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The History of Nuclear Weapons - Part III The History of Nuclear Weapons - Part III
by Dr. Lawrence Nannery
2012-12-07 09:29:59
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What of the case in which a great power, driven by hatred, would engage in bullying a smaller power until it toed the line that the great power demanded.  Something like this happened in October of 1962, in Cuba.  The hatred of the government of the USA was hysterical, since it was obvious that Cuba posed no threat to the great power. 

It was perfectly rational for Fidel Castro to seek protection from a friendly Soviet Union, and obvious that putting Soviet missiles into place in Cuba would require secrecy, and this was attempted.  The missiles were not initially armed with nuclear weapons, but by and by could be so equipped.  The nuclear materials remained at all times under the control of the USSR.  When these missiles were detected by spy planes, the hysteria in the US was of the greatest proportions.  I was a college student far from home in those days and I can assure anyone that the fear of the possibility of the end of the nation was palpable.  We all believed that we might not see our homes and families again.  Initially Kennedy left no room for bargaining, and he deployed several armies in southern Florida to make ready for an invasion.  He also demanded that the missiles must be removed, and arrangements be made for US planes to fly over and inspect the fields where they were stationed, and later inspect the ships in which they were returned. 

To all this, Fidel Castro said “no,” even in the face of nuclear destruction of his people.  But the demand had been made to Khrushchev, not to Castro.  Khrushchev was genuinely fearful, and the messages he sent to Kennedy were very soulful, but he did in the end agree to remove the missiles over Castro’s objections.  But — and here is where things began to take a turn — he extracted from Kennedy a promise not to invade Cuba as a quid pro quo, and “to save face,” in addition to pull down the antiquated Jupiter missiles stationed in Turkey pointed at the USSR. 

In this way a new paradigm was introduced to the world: big power vs. small power; threats by big power against small power; small power begs countervailing big power to protect them, and is helped to defend itself; first big power threatens to set the whole world ablaze, and the other big power reassesses, and decides that the price of the threat being carried out is too high, and moves to obey, but, even more, extracts from the bullying power concessions that protect the small power from destruction, even though it had lost face.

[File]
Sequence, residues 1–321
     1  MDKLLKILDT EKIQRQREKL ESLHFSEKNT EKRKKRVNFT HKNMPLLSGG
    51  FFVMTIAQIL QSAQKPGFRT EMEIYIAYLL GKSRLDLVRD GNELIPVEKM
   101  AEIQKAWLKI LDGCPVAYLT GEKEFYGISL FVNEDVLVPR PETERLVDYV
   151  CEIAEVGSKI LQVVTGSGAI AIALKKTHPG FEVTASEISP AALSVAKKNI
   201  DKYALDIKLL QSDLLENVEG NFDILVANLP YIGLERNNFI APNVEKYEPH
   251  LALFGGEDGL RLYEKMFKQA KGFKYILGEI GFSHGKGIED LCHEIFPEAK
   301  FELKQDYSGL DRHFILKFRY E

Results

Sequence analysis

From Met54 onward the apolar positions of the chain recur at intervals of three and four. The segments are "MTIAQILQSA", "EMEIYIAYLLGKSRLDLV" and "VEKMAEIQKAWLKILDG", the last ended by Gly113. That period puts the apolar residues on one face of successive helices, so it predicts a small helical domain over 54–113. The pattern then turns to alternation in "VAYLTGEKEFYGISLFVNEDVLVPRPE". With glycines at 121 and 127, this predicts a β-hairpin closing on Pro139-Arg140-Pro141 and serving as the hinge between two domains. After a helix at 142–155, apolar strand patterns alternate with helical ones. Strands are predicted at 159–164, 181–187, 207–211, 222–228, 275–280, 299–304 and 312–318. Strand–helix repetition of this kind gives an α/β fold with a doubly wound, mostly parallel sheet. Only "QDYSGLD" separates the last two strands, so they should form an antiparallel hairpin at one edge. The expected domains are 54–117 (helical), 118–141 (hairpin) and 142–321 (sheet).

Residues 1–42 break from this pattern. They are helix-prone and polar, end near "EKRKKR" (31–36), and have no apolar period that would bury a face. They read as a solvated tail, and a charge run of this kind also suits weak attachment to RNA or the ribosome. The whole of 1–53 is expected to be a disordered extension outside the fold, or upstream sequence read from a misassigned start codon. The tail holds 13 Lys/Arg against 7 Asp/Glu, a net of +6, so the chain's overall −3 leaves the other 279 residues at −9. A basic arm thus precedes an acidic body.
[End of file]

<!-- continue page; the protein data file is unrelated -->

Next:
And this has been the leitmotiv in several similar cases that have arisen since.  As a result the world has been a safer place since 1962.

There is more than once instance of this strategy being used by the weaker entity, and so far every case has succeeded.

There is the case of North Korea.  It developed its own nuclear capability in 2006.  The leadership of the nation decided that, since no other big power will come to its aid similar to the way the Russians did for Cuba, it must do so all alone.  Why would it feel the need to?  In the case of Korea European and American peoples are startlingly ignorant of the situation at hand, and about South Korea what people hear and see in the media is very different. 

The first oddity is that the nation of South Korea has not been independent.  The fact is that if the United States had not intervened, and still today keeps many battalions in the country, there would be no South Korea.  After the intervention in the Korean war, in 1950, the US has stayed in this nation since, armed with tactical nuclear weapons.   

Second, Korea has only been of a democratic nation for a few years of its existence.  For several decades it was under military regimes that were far more violent than almost any other regime in the world.  The various criminal codes published by several of these regimes are harsher and more cruel than even those of the Franco regime in Spain.  Tens of thousands of citizens who publicly protested these repressive regimes were killed, tortured, or sentenced to life imprisonment at hard labor.  The nation was (and still is) occupied by the US, who have given much weaponry to the governments that came and went decade after decade.  As in the case of the Soviets in Cuba, the US has nuclear weapons at the ready if an invasion from the north were to take place, but does not allow the Koreans to have input on this question.

The picture of South Korea as a developed nation is mostly untrue, since only the very rich in that society get to consume in the manner of modern Western nations.  Armed with Liberal theories of economic development, the economy grew by leaps and bounds, but for the rich alone, as is likely under Liberal theories of economics.

Prosperity and the presence of the world’s greatest and richest power on its soil eventually led to the governments of South Korea to, out of arrogance, engage in many acts of provocation, in the hope of igniting a war that big brother America would have to take part in.  Over time, and many times, the US military has been embarrassed by this state of affairs, but it is not possible for the American government to withdraw the troops, for fear that the North Koreans would in fact attack, and, if they did, the American-backed government could not survive.  An embarrassment, to be sure.

Concerning nuclear weapons, the South tried to develop them by itself in the 1070’s, but could not.  Perhaps the US told its allies to deny help, since the US does not desire to see a nuclear war in that region, which happens to be hostile to nuclear weaponry of all sorts.  Think of Japan.